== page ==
Brought to Light: Celebrating Louis Kahn’s residential designs

Kahn Day, February 20, 2014
at PennDesign

DISCUSSION: Open Houses: Kahn and his Clients
4pm at Meyerson Hall, 210 S. 34th Street 
Register online

5:30-7pm in Kroiz Gallery, Architectural Archives, PennDesign, 220 S. 34th Street
Register online


Brought to Light: The Houses of Louis Kahn

WHEN: February 20-May 23, 2014
WHERE: Kroiz Gallery, Architectural Archives, PennDesign
220 S. 34th Street
HOURS: Monday-Friday, 10am-5pm. Weekends by special appointment.

Each year the University of Pennsylvania’s Architectural Archives hosts Kahn Day to honor the former Penn professor and world-renowned architect, Louis Kahn, known for his pioneering work in modernism and “new Brutalist” architecture. Kahn is well known for projects including the Yale University Art Gallery, the Salk Institute in La Jolla, California and the National Assembly Building in Bangladesh. But his significant residential work, most of which is concentrated in a 30 miles radius of the Philadelphia, is less famous.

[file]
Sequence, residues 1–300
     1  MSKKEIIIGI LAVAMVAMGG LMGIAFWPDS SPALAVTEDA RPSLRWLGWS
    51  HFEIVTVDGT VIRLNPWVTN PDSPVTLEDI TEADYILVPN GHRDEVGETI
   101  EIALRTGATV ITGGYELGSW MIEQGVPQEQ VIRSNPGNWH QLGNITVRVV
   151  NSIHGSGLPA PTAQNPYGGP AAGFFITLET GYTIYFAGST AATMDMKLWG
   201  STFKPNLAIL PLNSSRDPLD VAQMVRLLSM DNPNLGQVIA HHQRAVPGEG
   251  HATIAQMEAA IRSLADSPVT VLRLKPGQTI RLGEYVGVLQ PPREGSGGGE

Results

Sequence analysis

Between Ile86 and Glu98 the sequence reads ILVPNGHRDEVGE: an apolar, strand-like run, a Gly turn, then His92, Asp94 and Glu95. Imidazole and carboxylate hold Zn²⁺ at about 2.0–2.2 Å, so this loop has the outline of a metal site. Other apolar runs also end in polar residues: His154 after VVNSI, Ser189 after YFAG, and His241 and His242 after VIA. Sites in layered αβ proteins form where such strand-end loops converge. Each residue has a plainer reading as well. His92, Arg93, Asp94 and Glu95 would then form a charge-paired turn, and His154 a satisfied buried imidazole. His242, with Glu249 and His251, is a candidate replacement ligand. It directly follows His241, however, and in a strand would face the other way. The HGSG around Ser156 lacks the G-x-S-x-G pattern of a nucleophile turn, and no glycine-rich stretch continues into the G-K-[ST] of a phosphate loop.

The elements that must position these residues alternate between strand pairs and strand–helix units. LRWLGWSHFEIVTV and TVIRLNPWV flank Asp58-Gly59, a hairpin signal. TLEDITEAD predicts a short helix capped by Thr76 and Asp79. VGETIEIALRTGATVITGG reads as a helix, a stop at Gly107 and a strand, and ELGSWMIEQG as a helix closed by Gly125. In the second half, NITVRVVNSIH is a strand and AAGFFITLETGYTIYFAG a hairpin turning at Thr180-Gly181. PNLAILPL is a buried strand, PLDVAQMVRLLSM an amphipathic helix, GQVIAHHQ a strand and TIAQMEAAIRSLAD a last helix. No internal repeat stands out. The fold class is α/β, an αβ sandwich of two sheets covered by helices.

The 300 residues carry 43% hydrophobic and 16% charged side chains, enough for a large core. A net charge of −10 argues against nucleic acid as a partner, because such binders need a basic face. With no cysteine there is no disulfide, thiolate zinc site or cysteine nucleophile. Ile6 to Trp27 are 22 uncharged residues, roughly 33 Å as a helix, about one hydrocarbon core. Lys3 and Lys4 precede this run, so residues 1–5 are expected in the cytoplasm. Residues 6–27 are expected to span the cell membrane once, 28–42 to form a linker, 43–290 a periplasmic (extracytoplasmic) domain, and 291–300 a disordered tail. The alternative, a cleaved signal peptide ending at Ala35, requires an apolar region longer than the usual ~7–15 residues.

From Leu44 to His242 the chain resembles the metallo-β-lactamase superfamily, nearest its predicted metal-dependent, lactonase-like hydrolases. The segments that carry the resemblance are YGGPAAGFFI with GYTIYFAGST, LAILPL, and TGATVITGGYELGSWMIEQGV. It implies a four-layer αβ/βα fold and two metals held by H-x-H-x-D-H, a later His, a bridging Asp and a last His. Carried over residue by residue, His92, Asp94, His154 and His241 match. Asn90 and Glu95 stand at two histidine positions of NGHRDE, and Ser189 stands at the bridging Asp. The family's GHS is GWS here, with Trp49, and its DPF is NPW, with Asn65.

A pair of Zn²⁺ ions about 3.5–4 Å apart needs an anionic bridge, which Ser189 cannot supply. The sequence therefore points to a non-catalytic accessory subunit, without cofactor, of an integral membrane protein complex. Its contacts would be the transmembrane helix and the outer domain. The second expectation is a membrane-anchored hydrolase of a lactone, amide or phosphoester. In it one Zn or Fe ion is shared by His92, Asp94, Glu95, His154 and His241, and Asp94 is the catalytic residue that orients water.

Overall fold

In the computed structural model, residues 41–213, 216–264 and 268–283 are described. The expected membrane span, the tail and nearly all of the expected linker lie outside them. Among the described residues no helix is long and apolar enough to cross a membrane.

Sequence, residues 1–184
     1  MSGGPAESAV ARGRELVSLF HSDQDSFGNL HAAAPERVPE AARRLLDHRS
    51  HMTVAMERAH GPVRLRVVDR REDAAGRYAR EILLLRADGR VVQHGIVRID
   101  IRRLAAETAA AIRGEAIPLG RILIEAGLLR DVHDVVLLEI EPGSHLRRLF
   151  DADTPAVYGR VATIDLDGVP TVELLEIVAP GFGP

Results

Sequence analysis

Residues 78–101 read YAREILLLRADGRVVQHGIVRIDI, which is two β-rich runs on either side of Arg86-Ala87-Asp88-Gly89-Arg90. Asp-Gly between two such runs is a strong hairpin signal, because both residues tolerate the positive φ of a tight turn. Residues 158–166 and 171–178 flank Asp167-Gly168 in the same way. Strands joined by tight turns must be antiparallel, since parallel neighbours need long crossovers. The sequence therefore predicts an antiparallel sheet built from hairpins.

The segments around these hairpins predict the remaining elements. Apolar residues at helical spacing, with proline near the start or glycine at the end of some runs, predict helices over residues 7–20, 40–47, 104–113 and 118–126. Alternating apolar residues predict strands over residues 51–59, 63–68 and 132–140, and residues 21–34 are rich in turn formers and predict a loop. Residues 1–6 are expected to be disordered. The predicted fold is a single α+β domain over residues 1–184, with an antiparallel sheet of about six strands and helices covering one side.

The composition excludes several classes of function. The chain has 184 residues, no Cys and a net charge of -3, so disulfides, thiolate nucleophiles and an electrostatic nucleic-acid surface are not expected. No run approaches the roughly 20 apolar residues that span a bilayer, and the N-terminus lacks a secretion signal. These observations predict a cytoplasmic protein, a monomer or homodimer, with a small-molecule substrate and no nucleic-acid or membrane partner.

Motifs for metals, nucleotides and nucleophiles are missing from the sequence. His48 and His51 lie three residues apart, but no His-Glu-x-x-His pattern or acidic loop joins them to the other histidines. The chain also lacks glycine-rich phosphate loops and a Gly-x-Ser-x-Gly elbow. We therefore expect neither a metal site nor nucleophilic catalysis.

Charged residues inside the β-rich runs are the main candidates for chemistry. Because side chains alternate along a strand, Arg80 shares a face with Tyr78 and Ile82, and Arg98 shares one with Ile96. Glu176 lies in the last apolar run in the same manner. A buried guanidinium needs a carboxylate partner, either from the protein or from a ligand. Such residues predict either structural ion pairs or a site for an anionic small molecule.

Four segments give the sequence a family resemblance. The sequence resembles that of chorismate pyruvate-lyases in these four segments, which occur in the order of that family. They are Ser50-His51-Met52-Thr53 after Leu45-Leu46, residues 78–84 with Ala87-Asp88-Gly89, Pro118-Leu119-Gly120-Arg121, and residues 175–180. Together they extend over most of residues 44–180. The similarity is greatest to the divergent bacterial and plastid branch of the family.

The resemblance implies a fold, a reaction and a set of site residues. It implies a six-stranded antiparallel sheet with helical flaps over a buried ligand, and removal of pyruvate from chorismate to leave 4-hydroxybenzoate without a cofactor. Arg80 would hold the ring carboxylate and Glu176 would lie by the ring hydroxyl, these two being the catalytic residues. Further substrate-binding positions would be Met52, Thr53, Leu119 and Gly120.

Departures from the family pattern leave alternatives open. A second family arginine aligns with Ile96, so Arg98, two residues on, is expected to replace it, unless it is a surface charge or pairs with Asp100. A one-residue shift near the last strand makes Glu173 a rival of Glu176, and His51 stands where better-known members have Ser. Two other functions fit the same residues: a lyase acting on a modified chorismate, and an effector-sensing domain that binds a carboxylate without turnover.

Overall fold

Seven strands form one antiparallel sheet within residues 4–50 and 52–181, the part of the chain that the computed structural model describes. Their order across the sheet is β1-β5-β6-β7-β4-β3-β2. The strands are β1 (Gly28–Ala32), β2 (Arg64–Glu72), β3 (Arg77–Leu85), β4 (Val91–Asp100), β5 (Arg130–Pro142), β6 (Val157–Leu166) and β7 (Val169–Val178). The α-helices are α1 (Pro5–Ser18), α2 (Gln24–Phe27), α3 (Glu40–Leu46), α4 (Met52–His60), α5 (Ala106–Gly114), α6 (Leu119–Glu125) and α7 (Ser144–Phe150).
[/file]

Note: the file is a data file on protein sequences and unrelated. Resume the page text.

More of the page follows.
From February 20 to May 23, the Brought to Light: The Houses of Louis Kahn exhibit at the Harvey and Irwin Kroiz Gallery of the University of Pennsylvania’s Architectural Archives will focus on Kahn’s houses, mainly the nine houses that were built. This first ever exhibit of Kahn’s residential work will feature models, drawings, and new and old photographs of his built houses.

The exhibit will not only display the design of Kahn’s houses, but will also bring to light the relationships Kahn fostered with his clients. Architectural Archivist, Bill Whittaker, sees Kahn Day as an opportunity “to engage with a remarkable figure who we can still learn from.”

Brought to Light opens on Kahn’s 113th birthday, February 20, with a panel discussion on Kahn’s residential design and his clients at 4pm in Meyerson Hall (210 South 34th Street) and a gallery reception from 5:30-7pm. Both events are free and you can register in advance online.

Image above: Kahn’s sketch of the Esherick House, 1959. Courtesy of Louis I. Kahn Collection, University of Pennsylvania and the Pennsylvania Historical and Museum Commission.​ 

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